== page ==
My sewing machine has a couple of repairs that need to be made so I borrowed one from a friend. It's just a basic machine that only does a couple of stitches so you would think there wouldn't be anything difficult about it, right? Wrong. Loading the bobbin correctly must take some kind of engineering degree or a brain surgeon or something. It took me 3 times to get thing in there correctly and of course I didn't realize it was wrong until I had sewn 6" and the whole machine locked up because the thread was all wadded inside. By the time I get through with it, my friend's sewing machine will also be in need of a couple of repairs.
I do most of my projects on my dining room table because it's big and what else could I possibly use it for? I call my art room the "art room" but there's actually very little art that goes on in there. It's more of a guest room with art supply storage. I already have one project spread out all over the bed so this one leaked into the dining room which now looks much worse than this:
I know what you're thinking: I wonder if she's ever accidentally dipped her paint brush into her coffee instead of the glue? How dare you even consider such a thing. Of course I have.
Since I also didn't have any lovely pieces of ephemera that I picked up at a Paris flea market, I just scrounged around the house for any kind of filler paper I could find. I used scrapbook paper, maps, calendars, note pads, ledger sheets, magazine pages, envelopes, and there's even a potato chip bag in there. Don't worry, it's clean.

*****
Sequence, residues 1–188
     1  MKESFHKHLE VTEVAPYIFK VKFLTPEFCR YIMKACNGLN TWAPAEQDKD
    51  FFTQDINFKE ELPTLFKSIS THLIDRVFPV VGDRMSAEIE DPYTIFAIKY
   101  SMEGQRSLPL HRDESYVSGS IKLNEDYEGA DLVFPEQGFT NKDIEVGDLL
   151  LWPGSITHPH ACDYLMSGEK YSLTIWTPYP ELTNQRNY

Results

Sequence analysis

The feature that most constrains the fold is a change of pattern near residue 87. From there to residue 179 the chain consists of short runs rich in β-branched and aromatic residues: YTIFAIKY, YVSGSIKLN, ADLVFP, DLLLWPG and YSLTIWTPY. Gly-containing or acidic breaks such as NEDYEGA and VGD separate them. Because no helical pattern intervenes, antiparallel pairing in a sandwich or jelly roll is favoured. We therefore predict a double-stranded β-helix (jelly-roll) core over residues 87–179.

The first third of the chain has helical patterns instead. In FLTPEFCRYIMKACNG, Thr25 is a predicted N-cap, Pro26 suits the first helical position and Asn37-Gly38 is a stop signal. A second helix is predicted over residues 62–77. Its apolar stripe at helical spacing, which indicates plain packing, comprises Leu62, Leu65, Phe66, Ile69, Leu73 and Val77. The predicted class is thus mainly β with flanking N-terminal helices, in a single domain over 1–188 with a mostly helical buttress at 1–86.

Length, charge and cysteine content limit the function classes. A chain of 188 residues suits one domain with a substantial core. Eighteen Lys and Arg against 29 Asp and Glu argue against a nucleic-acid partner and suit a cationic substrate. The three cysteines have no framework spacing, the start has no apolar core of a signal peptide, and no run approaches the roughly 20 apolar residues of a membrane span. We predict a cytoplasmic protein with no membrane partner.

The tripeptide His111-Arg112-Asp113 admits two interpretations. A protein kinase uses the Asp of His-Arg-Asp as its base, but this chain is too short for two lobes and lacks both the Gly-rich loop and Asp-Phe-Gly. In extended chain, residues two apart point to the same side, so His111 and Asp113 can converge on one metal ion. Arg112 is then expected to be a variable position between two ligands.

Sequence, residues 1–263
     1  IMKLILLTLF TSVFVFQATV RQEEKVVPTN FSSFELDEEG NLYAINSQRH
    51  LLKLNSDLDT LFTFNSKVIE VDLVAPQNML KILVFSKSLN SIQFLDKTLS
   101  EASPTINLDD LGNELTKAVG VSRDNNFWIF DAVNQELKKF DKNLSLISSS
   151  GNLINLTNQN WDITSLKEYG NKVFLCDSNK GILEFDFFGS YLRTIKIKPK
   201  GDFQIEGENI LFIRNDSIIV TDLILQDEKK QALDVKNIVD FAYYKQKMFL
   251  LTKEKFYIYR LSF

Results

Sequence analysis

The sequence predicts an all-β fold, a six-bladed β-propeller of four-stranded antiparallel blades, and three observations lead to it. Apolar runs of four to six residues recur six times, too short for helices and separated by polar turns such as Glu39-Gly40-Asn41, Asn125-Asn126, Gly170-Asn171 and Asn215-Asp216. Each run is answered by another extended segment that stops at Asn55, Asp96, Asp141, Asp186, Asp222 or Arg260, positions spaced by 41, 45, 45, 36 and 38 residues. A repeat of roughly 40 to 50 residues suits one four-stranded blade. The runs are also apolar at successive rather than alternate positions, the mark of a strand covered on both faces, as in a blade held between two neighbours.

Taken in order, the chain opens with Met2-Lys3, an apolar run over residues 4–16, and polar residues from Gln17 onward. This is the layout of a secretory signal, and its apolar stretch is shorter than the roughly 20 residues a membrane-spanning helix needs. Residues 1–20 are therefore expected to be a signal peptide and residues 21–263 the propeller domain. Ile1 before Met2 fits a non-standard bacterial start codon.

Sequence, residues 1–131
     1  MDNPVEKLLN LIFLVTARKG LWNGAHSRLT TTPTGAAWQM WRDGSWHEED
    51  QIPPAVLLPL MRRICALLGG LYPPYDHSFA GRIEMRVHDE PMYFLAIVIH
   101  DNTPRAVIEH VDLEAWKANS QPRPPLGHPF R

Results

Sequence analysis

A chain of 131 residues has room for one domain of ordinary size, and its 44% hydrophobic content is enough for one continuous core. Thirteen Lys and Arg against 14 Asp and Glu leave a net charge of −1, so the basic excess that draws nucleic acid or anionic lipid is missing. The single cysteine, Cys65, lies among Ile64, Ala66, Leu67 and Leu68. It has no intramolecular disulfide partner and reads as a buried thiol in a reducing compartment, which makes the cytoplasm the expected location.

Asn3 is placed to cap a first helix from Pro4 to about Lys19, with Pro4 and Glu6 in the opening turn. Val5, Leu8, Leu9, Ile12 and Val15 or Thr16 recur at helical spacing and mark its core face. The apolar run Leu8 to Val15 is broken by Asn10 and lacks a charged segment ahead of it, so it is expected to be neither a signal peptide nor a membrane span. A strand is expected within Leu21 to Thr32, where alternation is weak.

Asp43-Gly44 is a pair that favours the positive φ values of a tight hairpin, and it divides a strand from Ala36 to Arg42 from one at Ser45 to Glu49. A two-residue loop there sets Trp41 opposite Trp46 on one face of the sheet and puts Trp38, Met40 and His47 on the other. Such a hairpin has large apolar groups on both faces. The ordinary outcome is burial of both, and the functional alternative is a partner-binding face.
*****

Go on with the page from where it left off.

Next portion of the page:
These are my signatures all carefully arranged just the way I wanted them then punched precisely with the holes needed for stitching, then punched precisely again with the correct holes needed for stitching. It's not that I did it wrong the first time, it's that I changed my mind about the overall size of the book right after I had punched the holes. Resizing the signatures made all the hole a little "off" therefore some repunching was required. This was perfectly fine since this book is sort of a junk journal and doesn't require precision. Thank God.
Shortly after I took this picture of my perfectly arranged signatures, I carried them into the kitchen so I could watch the demo video on my computer while I sewed. I sewed 2 stitches, turned into all thumbs then dropped the whole thing and watched my perfectly arranged and "precisely" punched pages fly all over the room. I failed to notice that part of the video where she told us to use paper clips to hold the pages inside the signatures while we sew.
Anyone who has ever done a stitched binding like this before is feeling my pain. The pages are all different sizes and positioned differently along the spine so it's not like I could just gather them up again and start sewing. I had to put them back into the signatures (and naturally I couldn't remember which papers which inside which one) then realign the holes. Remember I had punched 2 (okay 3) sets of holes in each sheet so I wasn't really sure which set was the right one. I figured I could just do what I always do and punch new ones while I sew if needed.
Here is the finished journal:
I will work on the inside off and on indefinitely. My journals rarely have a theme or a purpose, I just work on them when I feel like it. I haven't felt like it in a long time so I'm anxious to get back into journaling. I don't write a lot in my journals because my own handwriting irritates me. It looks like a serial killer's handwriting. A serial killer with multiple personalities who writes all fat and loopy one minute then skinny and pointy the next. That manages to look cool in other people's journals but in mine it just looks stupid. I'll stick to gluing in stuff that other people have written.
I'm ready to start the next journal and in fact I'm already building signatures for 2 more. Since this is a 3-journal class I will probably overdo it by at least 4 journals, maybe 5. Any job worth doing is worth overdoing. If you're undermedicated.